I am too frustrated with PHP APC caching system and I wanted to remove/disable it completely from my server. I am using PHP with Nginx installed on Debian Squeeze, is there any way of doing it ?

  • 3
    Why are you frustrated by it? – Tom O'Connor Nov 23 '11 at 12:05
  • Now and then I am getting Unable to allocate memory for pool error. I have tried many fixes given here but none of them worked for me. – Vineet Sharma Nov 23 '11 at 12:18
  • 1
    Not an answer to your question (since the answers have been given below), but your error is pretty common. I just answered a question here which contains a fix for it: serverfault.com/questions/333996/… – Till Nov 25 '11 at 16:19

Instead of removing APC, which will cause a massive performance hit, and effectively shoot yourself in the foot..

Try this: in /etc/php5/conf.d/apc.ini:

apc.slam_defense = 0

You can increase apc.shm_size to a value bigger than 128, say 512 if you had sufficient free RAM.

I did this on a server I run, and never ever see Unable to allocate memory for pool errors.

  • Yes, I'm aware it doesn't answer the question.. sorta. – Tom O'Connor Nov 23 '11 at 12:35
  • It works... for the time being... :) – Vineet Sharma Nov 24 '11 at 4:37

Either remove /opt/php5/etc/conf.d/apc.ini or comment all lines in it with a ;. Don't forget to restart your webserver afterwards.

Also check '/etc//php5/apache2/php.ini' for 'extension=apc.so' to outcomment.

If you still have the sources around, you could try to do a make uninstall afterwards. I don't know if the makefile contains this target.


If you didn't install something beside what Squeeze offers, a simple apt-get remove php-apc should do the trick.


The solution is to increase memory allocated to APC.

Using a TTL of 0 means that APC will flush all the cache when it runs out of memory. The error don't appear anymore but it makes APC far less efficient. It's a no risk, no trouble, "I don't want to do my job" decision. APC is not meant to be used that way. You should choose a TTL high enough so the most accessed pages won't expire. The best is to give enough memory so APC don't need to flush cache.

Just read the manual to understand how ttl is used : http://www.php.net/manual/en/apc.configuration.php#ini.apc.ttl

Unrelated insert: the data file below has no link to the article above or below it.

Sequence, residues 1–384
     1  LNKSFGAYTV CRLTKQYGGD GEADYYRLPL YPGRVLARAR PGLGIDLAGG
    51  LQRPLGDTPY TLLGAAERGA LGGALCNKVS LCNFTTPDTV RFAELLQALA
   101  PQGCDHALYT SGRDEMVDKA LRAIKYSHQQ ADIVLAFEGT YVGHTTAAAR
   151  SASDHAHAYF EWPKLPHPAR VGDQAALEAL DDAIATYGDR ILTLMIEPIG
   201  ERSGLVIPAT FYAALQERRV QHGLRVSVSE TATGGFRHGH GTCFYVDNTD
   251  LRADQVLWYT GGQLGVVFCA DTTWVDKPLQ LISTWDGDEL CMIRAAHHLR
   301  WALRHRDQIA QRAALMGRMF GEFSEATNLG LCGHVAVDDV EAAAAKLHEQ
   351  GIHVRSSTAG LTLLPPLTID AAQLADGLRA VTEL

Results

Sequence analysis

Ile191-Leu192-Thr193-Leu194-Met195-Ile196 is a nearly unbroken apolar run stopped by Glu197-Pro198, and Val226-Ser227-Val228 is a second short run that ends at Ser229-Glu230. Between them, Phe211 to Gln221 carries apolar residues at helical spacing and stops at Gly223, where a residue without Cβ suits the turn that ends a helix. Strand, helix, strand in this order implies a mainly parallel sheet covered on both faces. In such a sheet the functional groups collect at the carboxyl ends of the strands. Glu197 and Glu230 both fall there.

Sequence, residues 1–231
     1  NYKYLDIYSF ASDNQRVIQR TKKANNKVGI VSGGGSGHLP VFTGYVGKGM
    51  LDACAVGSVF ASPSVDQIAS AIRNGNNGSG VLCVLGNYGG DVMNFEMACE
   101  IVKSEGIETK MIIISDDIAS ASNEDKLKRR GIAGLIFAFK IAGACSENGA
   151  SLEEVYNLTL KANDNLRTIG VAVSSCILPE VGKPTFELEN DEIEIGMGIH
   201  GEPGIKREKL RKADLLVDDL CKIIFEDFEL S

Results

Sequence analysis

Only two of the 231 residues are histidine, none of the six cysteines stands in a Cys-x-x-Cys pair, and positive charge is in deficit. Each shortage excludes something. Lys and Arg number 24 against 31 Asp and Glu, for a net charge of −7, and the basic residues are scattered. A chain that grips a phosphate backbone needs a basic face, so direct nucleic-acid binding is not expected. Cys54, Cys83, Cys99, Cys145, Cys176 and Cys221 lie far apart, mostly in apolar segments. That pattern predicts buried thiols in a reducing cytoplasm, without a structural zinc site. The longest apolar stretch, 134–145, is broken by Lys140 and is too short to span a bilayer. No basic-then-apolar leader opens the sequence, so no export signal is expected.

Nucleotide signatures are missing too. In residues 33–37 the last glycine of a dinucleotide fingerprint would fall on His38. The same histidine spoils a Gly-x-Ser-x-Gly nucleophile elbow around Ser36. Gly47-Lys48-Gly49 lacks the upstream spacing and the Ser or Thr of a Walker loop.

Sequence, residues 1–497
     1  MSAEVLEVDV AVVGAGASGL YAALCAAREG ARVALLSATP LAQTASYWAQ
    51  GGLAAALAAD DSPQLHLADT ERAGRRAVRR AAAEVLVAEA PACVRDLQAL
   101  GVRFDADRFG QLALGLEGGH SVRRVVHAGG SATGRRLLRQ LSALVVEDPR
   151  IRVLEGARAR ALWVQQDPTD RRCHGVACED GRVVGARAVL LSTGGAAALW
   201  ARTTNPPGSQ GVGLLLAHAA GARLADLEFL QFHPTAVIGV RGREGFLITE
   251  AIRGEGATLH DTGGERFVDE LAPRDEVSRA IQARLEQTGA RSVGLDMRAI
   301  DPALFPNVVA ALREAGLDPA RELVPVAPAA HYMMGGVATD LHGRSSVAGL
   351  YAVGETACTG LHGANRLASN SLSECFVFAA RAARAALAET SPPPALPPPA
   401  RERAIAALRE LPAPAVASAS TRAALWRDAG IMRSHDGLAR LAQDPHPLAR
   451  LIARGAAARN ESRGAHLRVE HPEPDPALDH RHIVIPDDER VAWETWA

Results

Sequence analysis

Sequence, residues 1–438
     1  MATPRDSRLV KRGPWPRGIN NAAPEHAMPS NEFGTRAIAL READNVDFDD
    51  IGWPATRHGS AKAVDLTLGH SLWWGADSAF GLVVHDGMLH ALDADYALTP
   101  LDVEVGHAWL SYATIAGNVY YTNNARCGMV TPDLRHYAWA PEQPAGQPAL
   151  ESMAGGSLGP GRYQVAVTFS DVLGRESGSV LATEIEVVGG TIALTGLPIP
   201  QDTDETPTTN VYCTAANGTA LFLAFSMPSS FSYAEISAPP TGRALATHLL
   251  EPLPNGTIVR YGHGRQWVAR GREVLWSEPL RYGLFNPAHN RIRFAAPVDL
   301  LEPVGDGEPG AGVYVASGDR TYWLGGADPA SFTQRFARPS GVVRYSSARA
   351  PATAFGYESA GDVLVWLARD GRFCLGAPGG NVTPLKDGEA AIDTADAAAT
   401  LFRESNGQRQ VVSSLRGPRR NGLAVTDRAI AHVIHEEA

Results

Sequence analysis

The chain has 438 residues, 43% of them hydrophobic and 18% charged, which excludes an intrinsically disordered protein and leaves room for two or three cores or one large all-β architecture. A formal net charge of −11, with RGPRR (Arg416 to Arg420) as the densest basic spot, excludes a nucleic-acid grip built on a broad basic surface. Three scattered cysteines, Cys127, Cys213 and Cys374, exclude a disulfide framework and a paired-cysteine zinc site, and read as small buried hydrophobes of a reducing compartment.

You can increase memory allocated by increasing apc.shm_size.

If APC is compiled to use Shared Segment Memory you will be limited by your operating system. Type this command to see your system limit for each segment :

sysctl -a | grep -E "shmall|shmmax"

To alocate more memory you'll have to increase the number of segments with the parameter apc.shm_segments.

If APC is using mmap memory then you have no limit. The amount of memory is still defined by the same option apc.shm_size.

If there's not enough memory on the server, then use filters option to prevent less frequently accessed php files to be cached.

But never use a TTL of 0.

Use apc.php to check your config. You'll see what is really allocated and how it is used. The graphs must remain stable after hours, if they are completly changing at each refresh, then it means that your setup is wrong (APC is flushing everything). Allocate 20% than what APC really use as a security margin, and check it on a regular basis.

The default of allowing only 32MB is ridiculously low. PHP was designed when a servers were 64MB and most script were using one php file per page. Nowadays solutions like Magento require more than 10k files (~60Mb in APC). You should allow enough memory so most of php files are always cached. It's not a waste, it's more efficient to keep opcode in ram rather than having the corresponding raw php in file cache. Nowadays we can find dedicated servers with 24Gb of memory for as low as $150, so don't hesitate to allow several GB to APC. I put 2GB out of 24GB on a server hosting 5Magento stores and ~40 wordpress website, APC uses 1.2GB. Count 64MB for Magento installation, 20MB for a Wordpress with some plugins.

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